With 7/8 of a typical iceberg below the surface of the ocean, the strength of the Greenland, Baffin, and eventually the Labrador Currents steers them and determines how quickly they reach the shipping lanes.
On a lesser but still important scale, the prevailing wind direction plays a similar role, also steering the icebergs. Strong northwest to west (offshore) winds such as those during the winters of 2013–14 and 2014–15 resulted in significant cooling across much of the area icebergs traversed on their way south. The anomalously strong offshore flow was associated with a particular phase of the North Atlantic Oscillation (NAO). The NAO quantifies a pattern that can produce significant impacts to winter weather in Eastern North America and the adjacent ocean.
The NAO fluctuates between negative and positive phases. In the negative phase, persistent onshore (easterly) winds and warmer maritime air often occur during the winter along the coast of Labrador. This results in less buildup of sea ice, which in turn exposes icebergs to wave-induced deterioration, and the onshore wind moves them toward the shallower waters near the coast, where they can run aground or become trapped in bays. In contrast, positive NAO phase is often accompanied by strong, persistent northwest winds along the Labrador coast during the winter. The cold offshore flow builds up more sea ice, protecting icebergs during the journey south toward the shipping lanes, and that journey is also aided by the longshore wind.
The trajectory that icebergs take in their long journey from Greenland to Newfoundland is also related to the air and sea surface temperatures, which modulate the melting of the icebergs. Observations suggest that heavier iceberg conditions are associated with colder surface temperatures and stronger northwesterly winds, so iceberg conditions are closely linked to the state of the climate on a seasonal timescale. Therefore, if one can forecast the overall state of the NAO, there may be some skill in tying that to the forecast of iceberg conditions. Furthermore, researchers may soon look forward to useful seasonal forecasts for spring/summer iceberg conditions in the northwest Atlantic.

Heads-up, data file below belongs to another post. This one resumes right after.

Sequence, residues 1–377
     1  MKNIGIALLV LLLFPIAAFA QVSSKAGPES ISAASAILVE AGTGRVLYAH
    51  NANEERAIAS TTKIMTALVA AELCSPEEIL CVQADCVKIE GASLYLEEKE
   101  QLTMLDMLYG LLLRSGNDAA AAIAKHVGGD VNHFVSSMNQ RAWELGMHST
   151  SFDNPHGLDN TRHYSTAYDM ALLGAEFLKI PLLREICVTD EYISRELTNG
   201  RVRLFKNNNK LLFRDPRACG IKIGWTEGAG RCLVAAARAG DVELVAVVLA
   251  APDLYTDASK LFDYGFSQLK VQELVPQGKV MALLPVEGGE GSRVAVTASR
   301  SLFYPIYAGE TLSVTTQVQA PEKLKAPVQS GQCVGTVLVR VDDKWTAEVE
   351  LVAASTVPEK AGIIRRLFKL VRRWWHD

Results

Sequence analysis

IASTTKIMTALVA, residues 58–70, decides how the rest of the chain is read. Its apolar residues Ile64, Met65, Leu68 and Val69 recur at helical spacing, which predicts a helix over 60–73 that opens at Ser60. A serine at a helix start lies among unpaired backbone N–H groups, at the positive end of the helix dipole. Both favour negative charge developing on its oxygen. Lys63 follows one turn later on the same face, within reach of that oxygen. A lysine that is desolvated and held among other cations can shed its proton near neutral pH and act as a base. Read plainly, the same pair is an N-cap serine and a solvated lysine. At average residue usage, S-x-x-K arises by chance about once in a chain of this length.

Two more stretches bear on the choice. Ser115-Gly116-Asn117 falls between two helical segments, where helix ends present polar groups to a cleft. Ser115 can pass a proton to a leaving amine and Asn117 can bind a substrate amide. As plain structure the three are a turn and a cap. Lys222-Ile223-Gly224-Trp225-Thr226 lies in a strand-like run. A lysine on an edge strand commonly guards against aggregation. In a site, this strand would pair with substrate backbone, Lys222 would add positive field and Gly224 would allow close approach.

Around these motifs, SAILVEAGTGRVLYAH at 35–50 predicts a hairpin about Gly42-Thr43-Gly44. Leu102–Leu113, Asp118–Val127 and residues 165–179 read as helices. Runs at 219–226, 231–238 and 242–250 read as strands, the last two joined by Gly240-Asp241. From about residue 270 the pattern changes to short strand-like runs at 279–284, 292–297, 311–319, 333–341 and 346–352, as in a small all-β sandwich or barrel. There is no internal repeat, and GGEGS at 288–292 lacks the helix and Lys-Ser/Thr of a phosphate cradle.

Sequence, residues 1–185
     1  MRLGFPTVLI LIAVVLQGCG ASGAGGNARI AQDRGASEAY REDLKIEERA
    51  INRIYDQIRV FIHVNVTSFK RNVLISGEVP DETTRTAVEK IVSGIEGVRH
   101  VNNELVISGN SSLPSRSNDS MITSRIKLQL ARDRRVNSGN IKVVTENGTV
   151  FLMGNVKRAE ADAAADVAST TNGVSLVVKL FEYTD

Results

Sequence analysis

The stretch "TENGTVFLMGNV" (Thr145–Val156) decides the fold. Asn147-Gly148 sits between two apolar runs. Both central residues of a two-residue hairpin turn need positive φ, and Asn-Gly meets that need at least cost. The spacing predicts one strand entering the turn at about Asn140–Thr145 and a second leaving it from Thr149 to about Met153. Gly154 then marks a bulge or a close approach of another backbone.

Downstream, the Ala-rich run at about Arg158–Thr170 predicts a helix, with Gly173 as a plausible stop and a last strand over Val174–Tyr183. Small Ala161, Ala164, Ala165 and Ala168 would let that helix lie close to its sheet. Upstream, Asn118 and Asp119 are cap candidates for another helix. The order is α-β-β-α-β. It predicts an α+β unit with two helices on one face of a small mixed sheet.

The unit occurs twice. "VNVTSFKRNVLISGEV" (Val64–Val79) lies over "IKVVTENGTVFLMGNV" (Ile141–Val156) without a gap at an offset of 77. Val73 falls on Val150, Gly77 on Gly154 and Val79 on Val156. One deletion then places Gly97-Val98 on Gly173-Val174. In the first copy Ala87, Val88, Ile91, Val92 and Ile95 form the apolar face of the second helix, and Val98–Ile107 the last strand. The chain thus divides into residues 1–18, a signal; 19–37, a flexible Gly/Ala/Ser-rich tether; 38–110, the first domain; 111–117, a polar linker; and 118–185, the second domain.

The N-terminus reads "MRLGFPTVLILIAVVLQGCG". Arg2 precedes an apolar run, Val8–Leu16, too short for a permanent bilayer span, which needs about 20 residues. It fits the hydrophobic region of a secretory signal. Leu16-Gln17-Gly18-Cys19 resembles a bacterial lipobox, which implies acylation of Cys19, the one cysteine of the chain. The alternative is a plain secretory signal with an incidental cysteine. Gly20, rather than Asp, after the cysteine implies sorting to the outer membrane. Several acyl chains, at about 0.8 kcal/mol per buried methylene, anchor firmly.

The winter of 2019-20 brought mostly positive NAO conditions. This would imply a greater-than-usual chance of plentiful icebergs, all else being equal. However, the other factors I outlined above are also important. Recently, researchers from the University of Sheffield in England have developed a computer model using artificial intelligence analysis to predict the iceberg season for the northwest Atlantic. The results of their modelling are sent to the IIP to help them gauge the potential for just how busy the iceberg season may get. The group has issued seasonal forecasts since 2018, but this year will be the first time they have used artificial intelligence to help predict the total number of icebergs passing 48°N and the rate of change in this number across the season. The Sheffield group’s seasonal outlook for 2020, issued in January, is for a relatively low number of icebergs. They predict that between 479 and 1,015 icebergs will move south of 48°N in 2020, compared with 1,515 last year. The group’s modeling will be taken into account by IIP when they issue their weekly iceberg forecasts.
In Part II of this post, I will look at how climate change relates to icebergs and how iceberg tourism is on the rise, especially off the coast of Labrador and Newfoundland.